Loujain al-Hathloul Wiki
Loujain al-Hathloul Biography
Well-known women’s rights activist Loujain al-Hathloul was released from a Saudi prison on Wednesday after nearly three years in prison, her sister said in a Twitter post.
“Loujain is home !!!!!!” Her sister Lina hers tweeted and posted a close-up photo of Hathloul’s face.
Al-Hathloul was arrested in 2018 and sentenced by a court in December to nearly six years in prison on terrorism charges, leading to an international conviction.
Local media reported that she had been convicted on charges of agitation for change, following a foreign program and using the Internet to undermine public order.
The court suspended her sentence of two years and ten months and she was due to be released in March.
Her release comes weeks after the reign of President Joe Biden in the United States, an ally of the Kingdom. Earlier this month, the White House said Biden hoped that Saudi Arabia would improve its human rights record, including the release of women’s rights activists and other political prisoners.
Saudi authorities released two US activists on bail last week.
Al-Hathloul’s sister, Alia, said in a series of tweets on Tuesday that the activist must be released from prison by order of a judge, but remain on probation and will no longer be allowed to travel outside of prison. Saudi Arabia.
Al-Hathloul’s arrest in 2018, along with at least a dozen other women’s rights activists in a crackdown on dissent under the leadership of Crown Prince Mohammed bin Salman (MBS), came just weeks before the historic outbreak of a decade. the ban on female drivers, a reform al-Hathloul had long advocated.
The case has been heavily criticized by human rights groups, members of the US Congress, and European Union politicians.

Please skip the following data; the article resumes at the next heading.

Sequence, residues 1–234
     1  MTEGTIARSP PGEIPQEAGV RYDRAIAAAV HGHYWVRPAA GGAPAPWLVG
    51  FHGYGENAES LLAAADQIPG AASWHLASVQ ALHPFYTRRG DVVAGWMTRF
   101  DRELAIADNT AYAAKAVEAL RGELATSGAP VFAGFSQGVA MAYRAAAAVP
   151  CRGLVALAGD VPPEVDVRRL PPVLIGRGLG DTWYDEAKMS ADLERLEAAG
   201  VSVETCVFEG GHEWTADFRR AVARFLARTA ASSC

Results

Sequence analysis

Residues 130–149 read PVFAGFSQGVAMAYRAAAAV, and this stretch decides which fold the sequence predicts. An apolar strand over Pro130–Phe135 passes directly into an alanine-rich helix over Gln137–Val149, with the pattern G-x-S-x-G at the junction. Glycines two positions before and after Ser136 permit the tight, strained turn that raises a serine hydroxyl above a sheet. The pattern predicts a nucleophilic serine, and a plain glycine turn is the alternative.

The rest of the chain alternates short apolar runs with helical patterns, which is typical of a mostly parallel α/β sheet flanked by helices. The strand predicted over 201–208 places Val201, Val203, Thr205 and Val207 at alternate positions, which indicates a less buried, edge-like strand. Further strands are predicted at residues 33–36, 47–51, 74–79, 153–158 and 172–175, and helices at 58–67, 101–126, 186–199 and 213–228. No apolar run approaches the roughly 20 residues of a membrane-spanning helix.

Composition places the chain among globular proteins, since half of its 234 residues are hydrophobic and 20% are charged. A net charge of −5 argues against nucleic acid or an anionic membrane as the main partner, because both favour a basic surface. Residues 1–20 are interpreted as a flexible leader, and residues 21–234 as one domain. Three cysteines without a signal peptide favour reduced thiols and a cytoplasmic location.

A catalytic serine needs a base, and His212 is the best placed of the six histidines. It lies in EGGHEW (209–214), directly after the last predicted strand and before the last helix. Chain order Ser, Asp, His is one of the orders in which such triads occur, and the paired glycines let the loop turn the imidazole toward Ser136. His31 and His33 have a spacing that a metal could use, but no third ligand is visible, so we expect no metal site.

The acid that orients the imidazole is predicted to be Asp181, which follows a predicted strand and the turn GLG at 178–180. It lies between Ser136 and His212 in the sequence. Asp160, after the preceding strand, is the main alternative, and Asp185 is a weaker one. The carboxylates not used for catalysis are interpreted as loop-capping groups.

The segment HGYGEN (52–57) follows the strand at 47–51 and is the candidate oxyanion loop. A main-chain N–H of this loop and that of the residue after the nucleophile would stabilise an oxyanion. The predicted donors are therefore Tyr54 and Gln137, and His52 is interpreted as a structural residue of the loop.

The detention of female activists also sheds new light on the human rights record of the kingdom, an absolute monarchy that has also come under fire for the murder of journalist Jamal Khashoggi at the Istanbul consulate in 2018.
Activism and imprisonment
Al-Hathloul was arrested for the first time in 2014 when she was trying to cross the border from the United Arab Emirates, where she had a valid driver’s license, to Saudi Arabia. She spent 73 days in a women’s prison, an experience she believes shaped her campaign against the kingdom’s male guardianship system.
In 2016, a year after being one of the first women to stand in local elections in Saudi Arabia, she was among 14,000 people who signed a petition to King Salman calling for an end to the trust system.
In March 2018, al-Hathloul was arrested again in the United Arab Emirates, where she was studying, and taken to Riyadh, where she, according to legal groups, was placed under house arrest before being sent to prison in May. She was among at least a dozen other arrested women’s rights activists and was called traitors by the Saudi media.